20 Quotes from Finding the World’s Fullness


Finding the World’s Fullness is a deceptively dense little book, packed with a host of quotes from some of the world’s greatest poets and thinkers, that sets out to make a simple point—how poetry is a way to find the world’s fullness. The book never tires repeating, and revisiting from various perspectives, that the world is an astonishing place, and the simple fact that it is, when it need not be, is possibly the most astonishing thing of all. The world is made, and it is a mystery; it is a work that calls forth wonder. Poetry is a way of capturing and expressing that wonder, while never exhausting it or domesticating its mystery. 

Cording quotes Czeslaw Milosz in the preface to set the tone of his book and layout one of the basic tenets of his approach to poetry:

When a thing is truly seen, seen intensely, it remains with us forever and astonishes us, even though it would appear there is nothing astonishing about it. –Czeslaw Milosz

All the chapters unpack this basic insight, employing numerous guides and presenting various exemplars who embody it. The amount of material alone that Cording interacts with is impressive. The book feels like a guided tour of a gothic cathedral, with plenty of stops to point out and explain the beauty and significance of every stained-glass window or strange relic.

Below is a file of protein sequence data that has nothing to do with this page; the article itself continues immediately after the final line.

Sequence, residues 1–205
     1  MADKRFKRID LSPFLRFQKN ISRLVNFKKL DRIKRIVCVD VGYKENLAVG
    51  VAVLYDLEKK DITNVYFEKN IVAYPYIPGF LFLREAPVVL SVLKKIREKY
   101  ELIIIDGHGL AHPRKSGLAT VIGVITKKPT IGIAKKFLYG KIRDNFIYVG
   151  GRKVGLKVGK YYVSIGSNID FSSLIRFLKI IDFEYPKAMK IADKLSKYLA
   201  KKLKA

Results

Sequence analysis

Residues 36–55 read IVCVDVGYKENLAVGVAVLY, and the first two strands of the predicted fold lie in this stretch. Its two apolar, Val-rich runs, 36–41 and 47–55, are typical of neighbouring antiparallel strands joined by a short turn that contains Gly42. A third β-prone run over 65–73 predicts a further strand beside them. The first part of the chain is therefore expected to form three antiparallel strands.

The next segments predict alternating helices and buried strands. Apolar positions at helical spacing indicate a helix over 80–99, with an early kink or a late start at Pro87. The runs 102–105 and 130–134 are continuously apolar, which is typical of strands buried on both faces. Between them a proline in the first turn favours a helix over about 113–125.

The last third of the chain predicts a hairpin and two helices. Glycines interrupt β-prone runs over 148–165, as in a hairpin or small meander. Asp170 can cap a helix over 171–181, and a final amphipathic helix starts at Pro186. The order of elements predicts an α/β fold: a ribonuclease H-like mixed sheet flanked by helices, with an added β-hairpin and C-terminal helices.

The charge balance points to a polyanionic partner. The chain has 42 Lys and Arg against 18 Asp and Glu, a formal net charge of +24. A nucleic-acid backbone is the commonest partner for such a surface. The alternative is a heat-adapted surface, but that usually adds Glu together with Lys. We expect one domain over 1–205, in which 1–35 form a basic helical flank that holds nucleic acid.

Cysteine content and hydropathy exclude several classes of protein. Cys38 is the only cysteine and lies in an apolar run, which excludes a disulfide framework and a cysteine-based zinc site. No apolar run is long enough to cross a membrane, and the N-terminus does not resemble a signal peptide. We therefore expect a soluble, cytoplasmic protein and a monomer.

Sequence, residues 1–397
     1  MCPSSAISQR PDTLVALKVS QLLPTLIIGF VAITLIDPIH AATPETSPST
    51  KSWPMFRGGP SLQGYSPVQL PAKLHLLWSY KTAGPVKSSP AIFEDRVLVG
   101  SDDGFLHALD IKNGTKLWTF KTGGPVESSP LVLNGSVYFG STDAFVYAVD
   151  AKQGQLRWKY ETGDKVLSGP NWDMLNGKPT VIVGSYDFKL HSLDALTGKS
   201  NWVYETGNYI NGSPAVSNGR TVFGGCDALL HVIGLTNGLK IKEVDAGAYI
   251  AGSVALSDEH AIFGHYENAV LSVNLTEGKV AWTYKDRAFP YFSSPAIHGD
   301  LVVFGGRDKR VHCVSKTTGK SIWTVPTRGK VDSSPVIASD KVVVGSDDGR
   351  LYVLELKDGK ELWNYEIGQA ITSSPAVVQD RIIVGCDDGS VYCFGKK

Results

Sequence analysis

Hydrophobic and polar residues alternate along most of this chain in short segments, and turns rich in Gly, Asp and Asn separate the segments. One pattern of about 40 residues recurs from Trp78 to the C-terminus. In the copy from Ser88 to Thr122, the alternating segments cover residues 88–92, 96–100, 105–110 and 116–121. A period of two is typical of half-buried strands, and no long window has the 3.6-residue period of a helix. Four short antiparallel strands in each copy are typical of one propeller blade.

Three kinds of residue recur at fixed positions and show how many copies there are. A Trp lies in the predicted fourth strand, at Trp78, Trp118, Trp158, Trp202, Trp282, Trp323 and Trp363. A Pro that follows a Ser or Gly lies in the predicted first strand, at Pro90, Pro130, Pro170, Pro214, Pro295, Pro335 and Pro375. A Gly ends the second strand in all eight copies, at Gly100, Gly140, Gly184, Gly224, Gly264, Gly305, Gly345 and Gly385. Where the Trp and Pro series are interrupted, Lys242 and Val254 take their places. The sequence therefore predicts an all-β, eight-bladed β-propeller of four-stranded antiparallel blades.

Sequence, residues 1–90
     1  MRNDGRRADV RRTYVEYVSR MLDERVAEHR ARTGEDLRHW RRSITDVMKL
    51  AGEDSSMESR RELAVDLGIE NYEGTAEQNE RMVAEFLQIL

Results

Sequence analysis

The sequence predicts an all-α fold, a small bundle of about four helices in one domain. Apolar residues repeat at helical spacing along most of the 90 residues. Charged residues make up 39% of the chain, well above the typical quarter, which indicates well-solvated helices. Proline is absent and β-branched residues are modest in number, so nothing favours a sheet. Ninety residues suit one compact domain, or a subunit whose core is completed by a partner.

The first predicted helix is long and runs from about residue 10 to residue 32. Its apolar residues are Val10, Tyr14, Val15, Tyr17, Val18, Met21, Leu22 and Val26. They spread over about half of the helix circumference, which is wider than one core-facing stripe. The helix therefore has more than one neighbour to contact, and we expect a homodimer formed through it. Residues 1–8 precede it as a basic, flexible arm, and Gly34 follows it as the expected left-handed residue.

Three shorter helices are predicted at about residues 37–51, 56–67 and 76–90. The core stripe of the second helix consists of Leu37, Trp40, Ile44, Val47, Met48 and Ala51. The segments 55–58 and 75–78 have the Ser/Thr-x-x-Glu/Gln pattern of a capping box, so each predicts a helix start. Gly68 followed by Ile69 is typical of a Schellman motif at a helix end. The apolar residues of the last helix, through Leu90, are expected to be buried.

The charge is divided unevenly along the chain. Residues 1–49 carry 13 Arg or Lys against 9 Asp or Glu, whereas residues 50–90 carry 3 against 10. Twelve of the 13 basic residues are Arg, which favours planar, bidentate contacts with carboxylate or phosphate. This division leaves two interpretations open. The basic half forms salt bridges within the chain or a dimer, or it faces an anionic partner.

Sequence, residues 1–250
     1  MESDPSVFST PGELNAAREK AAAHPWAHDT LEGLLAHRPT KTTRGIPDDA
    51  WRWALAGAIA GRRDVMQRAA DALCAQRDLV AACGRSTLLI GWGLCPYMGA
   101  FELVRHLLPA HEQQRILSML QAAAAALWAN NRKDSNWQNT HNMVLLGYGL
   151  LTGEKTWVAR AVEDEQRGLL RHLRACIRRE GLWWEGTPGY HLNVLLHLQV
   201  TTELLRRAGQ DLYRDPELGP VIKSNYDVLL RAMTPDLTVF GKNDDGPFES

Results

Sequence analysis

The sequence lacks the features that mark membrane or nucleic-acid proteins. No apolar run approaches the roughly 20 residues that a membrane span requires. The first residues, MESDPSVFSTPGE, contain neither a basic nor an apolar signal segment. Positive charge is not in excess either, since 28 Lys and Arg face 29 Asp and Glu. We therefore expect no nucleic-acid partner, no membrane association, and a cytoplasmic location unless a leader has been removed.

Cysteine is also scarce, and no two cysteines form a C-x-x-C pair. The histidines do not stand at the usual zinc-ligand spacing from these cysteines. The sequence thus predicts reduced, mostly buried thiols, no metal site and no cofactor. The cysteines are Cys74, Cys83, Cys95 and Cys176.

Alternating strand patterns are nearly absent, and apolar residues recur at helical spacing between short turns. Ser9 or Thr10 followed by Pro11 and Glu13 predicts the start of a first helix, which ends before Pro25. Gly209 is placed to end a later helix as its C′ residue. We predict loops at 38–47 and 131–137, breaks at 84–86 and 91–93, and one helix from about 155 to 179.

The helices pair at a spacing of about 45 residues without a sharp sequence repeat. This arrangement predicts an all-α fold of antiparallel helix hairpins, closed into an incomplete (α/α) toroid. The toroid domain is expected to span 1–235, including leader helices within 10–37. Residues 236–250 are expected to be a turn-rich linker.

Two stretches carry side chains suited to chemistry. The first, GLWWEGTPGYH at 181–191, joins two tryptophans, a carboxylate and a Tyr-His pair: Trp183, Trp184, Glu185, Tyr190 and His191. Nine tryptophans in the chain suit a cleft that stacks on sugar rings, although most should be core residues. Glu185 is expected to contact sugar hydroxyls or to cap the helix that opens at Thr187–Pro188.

Cording partners us with a such guides as: Czeslaw Milosz, Robert Frost, Henry David Thoreau, John Ruskin, and George Herbert. Some of the significant stops along the way include: a row of oak trees dropping their acorns, a Van Gogh painting of shoes, a newly created Eve gazing on her own reflection, a moose stepping out of the night woods onto the road before a bus.

And we enter into the world of Hamlet coming to terms with unruly reality, Jacob wrestling at night with the unnamed One, Abraham’s baffling journey to sacrifice, Job’s confrontation with the voice in the whirlwind, Jesus pausing to write in the dirt, a girl in a waiting room disoriented by the limits of her knowledge, and a man looking out on a lake after the death of his wife.

In helping us find the world’s fullness, Cording overwhelms us with an artistic and literary fullness along the way.